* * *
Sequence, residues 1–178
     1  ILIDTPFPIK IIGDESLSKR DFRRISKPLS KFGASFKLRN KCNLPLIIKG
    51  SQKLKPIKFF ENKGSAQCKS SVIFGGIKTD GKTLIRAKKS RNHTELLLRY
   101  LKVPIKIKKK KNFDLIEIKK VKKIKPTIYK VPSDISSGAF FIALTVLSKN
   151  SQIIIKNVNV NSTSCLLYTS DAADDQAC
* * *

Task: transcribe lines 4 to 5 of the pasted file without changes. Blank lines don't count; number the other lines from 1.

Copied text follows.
   101  LKVPIKIKKK KNFDLIEIKK VKKIKPTIYK VPSDISSGAF FIALTVLSKN
   151  SQIIIKNVNV NSTSCLLYTS DAADDQAC